There’s been a lot of talk lately about what divides us as a campus and what we can do better to understand the “other.” After deep reflection and watching “The Big Short” for the third time (a movie I’m thoroughly convinced that Bernie Sanders cries himself to sleep watching), I realized that maybe there are some inherent biases in my thinking that needed to be addressed.One particular fear stands out: the Science Building.
I’m a history major, but for some strange reason, I’ve ended up with two courses in this building for the semester. Going to class there is like entering another realm, and my philosophy is to get in and get out.
I don’t even try anymore to smile and make eye-contact with the people coming out of General Chemistry. My attempts at congeniality go to waste on eyes glazed over and reflecting back images of molecular diagrams. I fear that if I succumb to the power of the Science Building, I too will become one of those haunted faces.
The building literally dominates campus, a hulking monument to the importance of empirical thinking and empirical formulas and empirical data. Likewise, I am often intimidated by the subjects of this empire, whose intense study habits seem to dominate their lives and leave them wandering around campus muttering things like, “I need to extract all the caffeine. ALL THE CAFFEINE!”
But I realize that if I want to be a true social scientist, I need to see what makes those anti-social scientists tick.
With the help of fellow scientific outsider Pennsylvania O’Connell, I’ve been systematically penetrating the depths of this temple of learning. Waiting until the dark night of the weekend has driven even the most devout away, we have walked the sterile hallways, looking for answers.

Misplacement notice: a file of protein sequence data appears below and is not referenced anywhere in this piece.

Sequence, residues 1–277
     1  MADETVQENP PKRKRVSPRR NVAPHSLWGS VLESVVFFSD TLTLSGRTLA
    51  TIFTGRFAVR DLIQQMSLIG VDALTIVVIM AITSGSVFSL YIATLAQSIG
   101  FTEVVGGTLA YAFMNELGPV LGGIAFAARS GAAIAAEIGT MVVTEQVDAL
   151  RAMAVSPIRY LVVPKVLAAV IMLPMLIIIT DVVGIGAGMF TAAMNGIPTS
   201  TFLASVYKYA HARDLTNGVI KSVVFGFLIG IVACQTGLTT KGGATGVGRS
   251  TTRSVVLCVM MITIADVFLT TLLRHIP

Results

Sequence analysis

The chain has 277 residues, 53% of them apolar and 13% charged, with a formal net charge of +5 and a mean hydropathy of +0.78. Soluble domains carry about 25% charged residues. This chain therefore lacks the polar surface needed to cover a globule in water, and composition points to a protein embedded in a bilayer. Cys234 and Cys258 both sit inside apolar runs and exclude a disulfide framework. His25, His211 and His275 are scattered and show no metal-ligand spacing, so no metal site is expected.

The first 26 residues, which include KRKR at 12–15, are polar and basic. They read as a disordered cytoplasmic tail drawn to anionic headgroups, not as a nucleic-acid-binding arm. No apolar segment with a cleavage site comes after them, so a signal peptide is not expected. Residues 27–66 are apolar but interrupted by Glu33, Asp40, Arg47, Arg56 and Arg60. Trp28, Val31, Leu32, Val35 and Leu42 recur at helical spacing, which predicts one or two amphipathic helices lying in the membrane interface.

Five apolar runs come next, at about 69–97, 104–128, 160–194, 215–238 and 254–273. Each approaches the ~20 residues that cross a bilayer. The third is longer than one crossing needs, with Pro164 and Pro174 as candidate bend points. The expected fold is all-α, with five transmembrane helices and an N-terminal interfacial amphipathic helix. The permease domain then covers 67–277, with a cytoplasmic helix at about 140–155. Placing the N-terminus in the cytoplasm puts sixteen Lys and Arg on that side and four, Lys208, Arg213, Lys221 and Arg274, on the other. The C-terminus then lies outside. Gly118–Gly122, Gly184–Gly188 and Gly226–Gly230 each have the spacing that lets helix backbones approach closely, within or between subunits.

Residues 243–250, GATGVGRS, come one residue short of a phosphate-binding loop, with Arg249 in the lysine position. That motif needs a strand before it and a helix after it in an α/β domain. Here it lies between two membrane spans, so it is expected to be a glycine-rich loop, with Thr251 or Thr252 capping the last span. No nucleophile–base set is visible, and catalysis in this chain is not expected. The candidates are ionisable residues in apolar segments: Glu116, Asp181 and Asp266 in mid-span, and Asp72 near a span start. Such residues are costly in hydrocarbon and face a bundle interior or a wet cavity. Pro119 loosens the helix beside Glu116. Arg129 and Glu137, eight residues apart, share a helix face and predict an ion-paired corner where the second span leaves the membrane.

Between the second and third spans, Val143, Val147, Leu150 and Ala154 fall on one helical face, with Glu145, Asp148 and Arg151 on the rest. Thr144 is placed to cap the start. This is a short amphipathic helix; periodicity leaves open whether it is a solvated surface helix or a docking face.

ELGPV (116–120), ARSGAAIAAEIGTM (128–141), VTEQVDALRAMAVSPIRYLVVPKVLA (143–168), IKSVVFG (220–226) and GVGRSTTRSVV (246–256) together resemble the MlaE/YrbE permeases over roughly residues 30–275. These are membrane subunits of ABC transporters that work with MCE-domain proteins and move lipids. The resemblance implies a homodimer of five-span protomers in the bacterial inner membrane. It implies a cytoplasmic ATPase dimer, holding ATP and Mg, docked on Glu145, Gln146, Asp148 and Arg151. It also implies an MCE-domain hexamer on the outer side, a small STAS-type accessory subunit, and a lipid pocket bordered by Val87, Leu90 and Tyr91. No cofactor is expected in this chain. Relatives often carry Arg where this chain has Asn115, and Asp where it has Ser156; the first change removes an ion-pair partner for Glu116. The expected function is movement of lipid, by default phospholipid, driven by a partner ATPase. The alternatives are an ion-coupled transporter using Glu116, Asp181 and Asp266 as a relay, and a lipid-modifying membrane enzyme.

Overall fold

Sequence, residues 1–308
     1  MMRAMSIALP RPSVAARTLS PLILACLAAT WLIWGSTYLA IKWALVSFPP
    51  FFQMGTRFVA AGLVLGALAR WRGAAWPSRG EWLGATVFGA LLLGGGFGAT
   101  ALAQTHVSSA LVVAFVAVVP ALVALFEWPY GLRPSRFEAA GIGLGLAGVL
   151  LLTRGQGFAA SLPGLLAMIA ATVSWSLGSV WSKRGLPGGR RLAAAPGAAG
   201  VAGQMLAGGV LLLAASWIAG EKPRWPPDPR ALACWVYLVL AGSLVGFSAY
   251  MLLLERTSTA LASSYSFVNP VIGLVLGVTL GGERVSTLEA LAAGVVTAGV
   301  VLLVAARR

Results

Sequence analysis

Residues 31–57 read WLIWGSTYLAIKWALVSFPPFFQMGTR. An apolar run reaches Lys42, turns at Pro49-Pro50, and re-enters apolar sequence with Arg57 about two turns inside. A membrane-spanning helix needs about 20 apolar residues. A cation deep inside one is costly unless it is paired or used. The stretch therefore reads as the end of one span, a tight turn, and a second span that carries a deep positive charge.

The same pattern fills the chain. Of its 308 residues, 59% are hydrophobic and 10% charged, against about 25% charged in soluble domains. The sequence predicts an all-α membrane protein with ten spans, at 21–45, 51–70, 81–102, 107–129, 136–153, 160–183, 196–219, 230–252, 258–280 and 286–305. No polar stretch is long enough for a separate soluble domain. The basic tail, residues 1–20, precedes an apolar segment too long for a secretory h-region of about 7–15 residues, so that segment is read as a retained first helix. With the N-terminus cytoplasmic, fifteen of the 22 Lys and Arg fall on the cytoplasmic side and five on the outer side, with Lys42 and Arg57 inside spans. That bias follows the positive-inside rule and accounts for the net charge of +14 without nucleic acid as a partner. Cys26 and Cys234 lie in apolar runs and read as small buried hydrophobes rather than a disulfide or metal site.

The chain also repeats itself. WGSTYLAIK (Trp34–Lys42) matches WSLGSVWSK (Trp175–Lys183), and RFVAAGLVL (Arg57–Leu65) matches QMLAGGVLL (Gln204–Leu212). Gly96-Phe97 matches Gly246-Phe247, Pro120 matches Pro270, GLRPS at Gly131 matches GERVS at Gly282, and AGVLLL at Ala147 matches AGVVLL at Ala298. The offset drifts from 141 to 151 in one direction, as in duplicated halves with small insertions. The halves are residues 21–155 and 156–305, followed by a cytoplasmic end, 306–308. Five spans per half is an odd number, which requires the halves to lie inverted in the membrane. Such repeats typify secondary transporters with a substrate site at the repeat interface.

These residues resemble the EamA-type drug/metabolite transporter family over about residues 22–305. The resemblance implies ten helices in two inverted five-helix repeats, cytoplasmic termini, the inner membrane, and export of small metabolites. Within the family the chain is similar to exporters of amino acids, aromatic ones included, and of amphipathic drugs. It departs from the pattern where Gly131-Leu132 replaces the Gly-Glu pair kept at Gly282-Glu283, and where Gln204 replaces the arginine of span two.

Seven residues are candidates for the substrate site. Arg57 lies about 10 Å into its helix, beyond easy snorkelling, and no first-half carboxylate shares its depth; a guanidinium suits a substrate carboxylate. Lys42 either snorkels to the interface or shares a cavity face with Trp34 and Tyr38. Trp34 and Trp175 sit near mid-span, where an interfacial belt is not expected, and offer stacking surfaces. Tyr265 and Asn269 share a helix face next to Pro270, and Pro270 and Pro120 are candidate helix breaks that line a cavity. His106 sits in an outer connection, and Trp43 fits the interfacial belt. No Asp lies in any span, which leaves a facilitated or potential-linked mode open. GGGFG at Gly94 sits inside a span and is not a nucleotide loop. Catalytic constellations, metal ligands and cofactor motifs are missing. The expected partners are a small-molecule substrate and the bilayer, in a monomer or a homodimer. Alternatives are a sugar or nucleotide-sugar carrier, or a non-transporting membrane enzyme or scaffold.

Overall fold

I hoped we would find the source of science students’ fascination, maybe a pulsing disconnected heart whose rhythm kept inhabitants of the building mesmerized. Why else would anyone remain longer than they had to in halls where a horror movie could be filmed?
Alas, I realized I was being much too cynical. The only mesmerizing thing we found was an aquarium in the biology reading room, with a fish who, if my fish-linguistics are up to par, basically told us, “Get off my lawn, you dang kids!”
A few days later, taking the advice of Hannah Thill to switch up our study routines, we decided to try working in a random reading room. The math room seemed the homiest, and we doubted that we would be distracted by the giant volumes of mathematical information on the walls. Then I noticed a title: “The Man Who Loved Only Numbers.”
Here might be an explanation of all these quantitatively inclined people! But I was distracted by Pennsylvania’s discovery of hot chocolate. We marveled that these scientists might actually be hospitable! There was even a coffee pot with which we could prepare said liquid sugar.
To our surprise and disgust, though, we found moldy coffee grounds in the filter—no doubt a Fleming-esque experiment that we heartlessly chucked in the trash. The hot chocolate was top-notch, though.
In my last attempts at understanding the un-understandable, I decided I should try contacting my scientific cousins, the Kansas Burkholders. I quickly discovered that Max Burkholder was leery to engage in a casual conversation about science, so I turned to Brenner as my final hope.
I asked him, “What do you think about a book titled ‘The Man Who Loved Only Numbers’?”
His response: “Sounds poignant.”
I was overjoyed! There are some things that social and anti-social scientists can agree on! Maybe all it takes to start a meaningful conversation between opposites has been hiding in the math reading room all along.